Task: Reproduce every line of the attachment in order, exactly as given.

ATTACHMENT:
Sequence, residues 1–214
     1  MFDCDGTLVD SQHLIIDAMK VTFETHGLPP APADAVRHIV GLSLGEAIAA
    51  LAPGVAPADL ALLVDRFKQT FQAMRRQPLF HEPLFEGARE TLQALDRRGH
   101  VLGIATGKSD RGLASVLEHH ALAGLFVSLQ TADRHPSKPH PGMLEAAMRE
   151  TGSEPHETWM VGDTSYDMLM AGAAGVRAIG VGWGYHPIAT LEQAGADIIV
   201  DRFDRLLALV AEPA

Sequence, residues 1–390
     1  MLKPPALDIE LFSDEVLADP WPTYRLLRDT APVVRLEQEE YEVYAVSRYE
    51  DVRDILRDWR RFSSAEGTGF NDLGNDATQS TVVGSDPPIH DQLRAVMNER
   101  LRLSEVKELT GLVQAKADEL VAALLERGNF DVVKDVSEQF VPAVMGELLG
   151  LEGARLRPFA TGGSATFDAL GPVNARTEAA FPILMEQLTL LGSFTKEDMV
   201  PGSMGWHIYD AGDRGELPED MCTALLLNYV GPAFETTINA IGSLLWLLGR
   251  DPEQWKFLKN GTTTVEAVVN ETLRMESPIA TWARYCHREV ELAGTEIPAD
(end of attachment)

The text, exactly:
Sequence, residues 1–214
     1  MFDCDGTLVD SQHLIIDAMK VTFETHGLPP APADAVRHIV GLSLGEAIAA
    51  LAPGVAPADL ALLVDRFKQT FQAMRRQPLF HEPLFEGARE TLQALDRRGH
   101  VLGIATGKSD RGLASVLEHH ALAGLFVSLQ TADRHPSKPH PGMLEAAMRE
   151  TGSEPHETWM VGDTSYDMLM AGAAGVRAIG VGWGYHPIAT LEQAGADIIV
   201  DRFDRLLALV AEPA

Sequence, residues 1–390
     1  MLKPPALDIE LFSDEVLADP WPTYRLLRDT APVVRLEQEE YEVYAVSRYE
    51  DVRDILRDWR RFSSAEGTGF NDLGNDATQS TVVGSDPPIH DQLRAVMNER
   101  LRLSEVKELT GLVQAKADEL VAALLERGNF DVVKDVSEQF VPAVMGELLG
   151  LEGARLRPFA TGGSATFDAL GPVNARTEAA FPILMEQLTL LGSFTKEDMV
   201  PGSMGWHIYD AGDRGELPED MCTALLLNYV GPAFETTINA IGSLLWLLGR
   251  DPEQWKFLKN GTTTVEAVVN ETLRMESPIA TWARYCHREV ELAGTEIPAD